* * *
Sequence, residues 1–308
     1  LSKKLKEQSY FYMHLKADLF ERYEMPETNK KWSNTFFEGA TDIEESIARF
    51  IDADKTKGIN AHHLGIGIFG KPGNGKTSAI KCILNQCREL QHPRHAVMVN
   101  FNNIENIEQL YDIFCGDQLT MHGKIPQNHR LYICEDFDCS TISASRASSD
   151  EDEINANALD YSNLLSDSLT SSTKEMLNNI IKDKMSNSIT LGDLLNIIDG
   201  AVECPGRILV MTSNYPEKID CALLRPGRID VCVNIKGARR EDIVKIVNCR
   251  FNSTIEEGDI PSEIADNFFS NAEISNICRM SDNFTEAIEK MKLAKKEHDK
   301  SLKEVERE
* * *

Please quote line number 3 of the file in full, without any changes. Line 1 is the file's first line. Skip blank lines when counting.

    51  IDADKTKGIN AHHLGIGIFG KPGNGKTSAI KCILNQCREL QHPRHAVMVN